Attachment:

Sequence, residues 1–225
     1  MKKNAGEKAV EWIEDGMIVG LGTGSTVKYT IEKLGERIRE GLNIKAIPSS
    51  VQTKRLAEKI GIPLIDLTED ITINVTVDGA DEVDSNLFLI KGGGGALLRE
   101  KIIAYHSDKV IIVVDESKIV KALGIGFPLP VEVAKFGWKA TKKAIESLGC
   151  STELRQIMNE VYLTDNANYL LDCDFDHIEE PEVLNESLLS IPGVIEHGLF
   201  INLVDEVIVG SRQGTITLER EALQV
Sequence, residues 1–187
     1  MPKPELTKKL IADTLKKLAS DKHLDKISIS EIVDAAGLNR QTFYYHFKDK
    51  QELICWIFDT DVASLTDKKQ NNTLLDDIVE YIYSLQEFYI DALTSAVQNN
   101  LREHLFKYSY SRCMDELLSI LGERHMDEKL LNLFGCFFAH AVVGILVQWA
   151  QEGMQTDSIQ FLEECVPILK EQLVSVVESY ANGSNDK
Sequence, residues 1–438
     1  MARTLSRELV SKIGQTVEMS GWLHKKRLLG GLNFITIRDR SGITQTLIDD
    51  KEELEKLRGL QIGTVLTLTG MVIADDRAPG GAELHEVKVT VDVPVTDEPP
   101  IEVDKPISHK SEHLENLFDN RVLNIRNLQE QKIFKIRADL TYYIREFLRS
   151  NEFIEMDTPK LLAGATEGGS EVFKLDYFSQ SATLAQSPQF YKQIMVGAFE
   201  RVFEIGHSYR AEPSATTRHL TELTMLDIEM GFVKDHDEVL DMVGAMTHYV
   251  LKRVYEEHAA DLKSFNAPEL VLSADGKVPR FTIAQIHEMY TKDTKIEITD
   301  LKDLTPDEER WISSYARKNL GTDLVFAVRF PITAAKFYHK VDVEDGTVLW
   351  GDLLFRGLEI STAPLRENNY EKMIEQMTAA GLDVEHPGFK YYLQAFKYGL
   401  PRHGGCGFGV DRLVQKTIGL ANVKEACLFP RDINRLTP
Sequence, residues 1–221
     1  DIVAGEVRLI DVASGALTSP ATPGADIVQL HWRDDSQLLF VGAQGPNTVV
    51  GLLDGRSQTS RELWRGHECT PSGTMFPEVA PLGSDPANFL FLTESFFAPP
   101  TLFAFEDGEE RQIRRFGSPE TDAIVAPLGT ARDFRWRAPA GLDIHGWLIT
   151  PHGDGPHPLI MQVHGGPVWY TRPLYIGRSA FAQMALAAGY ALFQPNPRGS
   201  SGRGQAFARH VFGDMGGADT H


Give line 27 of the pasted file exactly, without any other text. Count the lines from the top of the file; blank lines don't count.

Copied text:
   201  SGRGQAFARH VFGDMGGADT H